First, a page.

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10.  See 7 U.S.C. 2(h)(7); 15 U.S.C. 78c-3(g). Further, the CFTC has authority to exempt swaps from the clearing requirement. 7 U.S.C. 6(c)(1).

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11.  The joint final rule takes a similar approach. In implementing this risk-based approach, the final rule distinguishes among four separate types of swap counterparties: (i) Counterparties that are themselves swap entities; (ii) counterparties that are financial end users with a material swaps exposure; (iii) counterparties that are financial end users without a material swaps exposure, and (iv) other counterparties, including nonfinancial end users, sovereigns, and multilateral development banks.

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12.  See §§ _.3(d) and _.4(c) of the proposed rule.

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13.  Public Law 114-1, 129 Stat. 3 (2015).

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14.  Section 303 requires that “[t]he amendments made by this title to the Commodity Exchange Act shall be implemented . . . through the promulgation of an interim final rule . . .” The Agencies are interpreting this provision to apply to the amendments made by TRIPRA to the Securities Exchange Act as well.

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15.  The joint final rule also contains provisions allowing a covered swap entity to continue with the current practice of collecting initial or variation margin at such times and in such forms and amounts (if any) as the covered swap entity determines appropriate in its overall credit risk management of the swap entity's exposure to the customer for “other counterparties.” The TRIPRA exemptions are transaction-based, as opposed to counterparty-based. For example, if a commercial end user enters into a non-cleared swap with a covered swap entity and the transaction does not qualify for an exception or exemption as described below, then the covered swap entity would treat the swap in accordance with the “other counterparties” provisions in §§ _.3 and _.4 of the joint final rule. See §§ _.3(d) and _.4(c) of the joint final rule.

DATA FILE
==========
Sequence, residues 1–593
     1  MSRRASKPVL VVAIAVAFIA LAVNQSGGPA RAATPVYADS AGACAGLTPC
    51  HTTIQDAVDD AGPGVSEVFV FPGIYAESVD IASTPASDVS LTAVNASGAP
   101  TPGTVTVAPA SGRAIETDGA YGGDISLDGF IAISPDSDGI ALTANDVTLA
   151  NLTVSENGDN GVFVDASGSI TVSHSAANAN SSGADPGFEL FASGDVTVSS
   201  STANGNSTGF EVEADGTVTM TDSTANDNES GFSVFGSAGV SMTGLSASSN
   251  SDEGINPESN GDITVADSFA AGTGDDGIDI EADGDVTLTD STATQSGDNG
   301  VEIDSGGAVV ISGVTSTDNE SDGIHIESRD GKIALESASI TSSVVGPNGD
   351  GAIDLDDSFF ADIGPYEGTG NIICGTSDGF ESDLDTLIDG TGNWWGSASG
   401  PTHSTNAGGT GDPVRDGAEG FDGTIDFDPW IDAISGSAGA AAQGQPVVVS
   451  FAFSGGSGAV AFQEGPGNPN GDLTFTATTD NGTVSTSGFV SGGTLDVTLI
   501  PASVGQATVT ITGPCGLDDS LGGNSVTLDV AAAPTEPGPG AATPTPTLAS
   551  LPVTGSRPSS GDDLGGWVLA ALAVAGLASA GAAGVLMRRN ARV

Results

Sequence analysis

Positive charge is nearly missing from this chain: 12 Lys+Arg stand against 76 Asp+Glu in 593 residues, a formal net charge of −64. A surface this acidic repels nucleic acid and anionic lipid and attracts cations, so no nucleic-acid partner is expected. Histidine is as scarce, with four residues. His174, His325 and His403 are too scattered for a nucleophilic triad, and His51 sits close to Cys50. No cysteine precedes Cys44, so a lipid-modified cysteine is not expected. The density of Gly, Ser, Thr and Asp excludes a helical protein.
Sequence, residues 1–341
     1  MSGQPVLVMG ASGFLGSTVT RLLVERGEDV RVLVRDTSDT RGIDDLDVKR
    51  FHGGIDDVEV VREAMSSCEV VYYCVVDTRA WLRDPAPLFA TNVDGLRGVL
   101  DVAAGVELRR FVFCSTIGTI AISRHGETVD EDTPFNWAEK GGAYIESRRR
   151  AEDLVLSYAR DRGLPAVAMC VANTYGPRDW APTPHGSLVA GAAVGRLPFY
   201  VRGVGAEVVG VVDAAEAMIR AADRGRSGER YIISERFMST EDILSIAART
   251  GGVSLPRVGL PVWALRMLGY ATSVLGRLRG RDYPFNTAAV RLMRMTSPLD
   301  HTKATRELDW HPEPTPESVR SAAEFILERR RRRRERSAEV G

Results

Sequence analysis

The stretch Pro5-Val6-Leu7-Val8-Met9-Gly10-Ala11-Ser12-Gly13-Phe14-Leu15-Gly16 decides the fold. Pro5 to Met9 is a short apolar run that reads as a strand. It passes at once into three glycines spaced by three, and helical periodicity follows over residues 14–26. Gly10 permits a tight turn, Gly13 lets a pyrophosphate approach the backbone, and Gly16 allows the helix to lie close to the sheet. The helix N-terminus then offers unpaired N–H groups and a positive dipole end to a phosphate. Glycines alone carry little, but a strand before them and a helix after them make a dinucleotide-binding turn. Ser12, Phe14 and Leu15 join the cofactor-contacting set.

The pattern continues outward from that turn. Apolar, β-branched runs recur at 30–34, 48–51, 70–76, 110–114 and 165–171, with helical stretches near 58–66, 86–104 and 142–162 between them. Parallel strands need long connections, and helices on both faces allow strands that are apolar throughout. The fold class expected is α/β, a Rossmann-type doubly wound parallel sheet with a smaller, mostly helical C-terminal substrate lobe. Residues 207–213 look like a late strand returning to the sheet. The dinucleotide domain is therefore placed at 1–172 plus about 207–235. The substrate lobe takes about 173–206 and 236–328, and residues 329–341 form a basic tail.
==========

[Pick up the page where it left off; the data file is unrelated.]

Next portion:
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16.  17 CFR 50.25. See 77 FR 44441 (July 30, 2012).

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17.  See, e.g., 17 CFR 50.50(b).

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18.  See 7 U.S.C. 2(h)(7)(A); 15 U.S.C. 78c-3(g)(1).

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19.  There is no corresponding exclusion under section 3C(g)(1) of the Securities Exchange Act for captive finance companies, likely because these entities generally do not engage in security-based swaps.

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20.  See 7 U.S.C. 2(h)(7)(A); 15 U.S.C. 78c-3(g)(1); 17 CFR 50.50. A “financial entity” is defined to mean (i) a swap dealer; (ii) a security-based swap dealer; (iii) a major swap participant; (iv) a major security-based swap participant; (v) a commodity pool; (vi) a private fund as defined in section 202(a) of the Investment Advisers Act of 1940; (vii) an employee benefit plan as defined in sections 3(3) and 3(32) of the Employment Retirement Income Security Act of 1974; (viii) a person predominantly engaged in activities that are in the business of banking, or in activities that are financial in nature, as defined in section 4(k) of the Bank Holding Company Act of 1956. See 7 U.S.C. 2(h)(7)(C)(i); 15 U.S.C. 78c-3(g)(3).

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21.  See 7 U.S.C. 2(h)(7)(C)(ii); 17 CFR 50.50; 77 FR 42560 (July 19, 2012); as recodified by 77 FR 74284 (Dec. 13, 2012).

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22.  See 15 U.S.C. 78c-3(g)(3)(B).

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23.  On December 21, 2010, the SEC proposed to exempt security-based swaps used by small depository institutions, small Farm Credit System institutions, and small credit unions with total assets of $10 billion or less from clearing. See 75 FR 79992 (December 21, 2010).

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24.  See 7 U.S.C. 2(h)(7)(C)(iii).

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25.  See 7 U.S.C. 2(h)(7)(D); 15 U.S.C. 78c-3(g)(4). This exception does not apply to a person that is a swap dealer, security-based swap dealer, major swap participant, major security-based swap participant, an issuer that would be an investment company as defined in section 3 of the Investment Company Act of 1940 (15 U.S.C. 80a-3) but for section 3(c)(1) or 3(c)(7) of that Act, a commodity pool, or a bank holding company with over $50 billion in consolidated assets.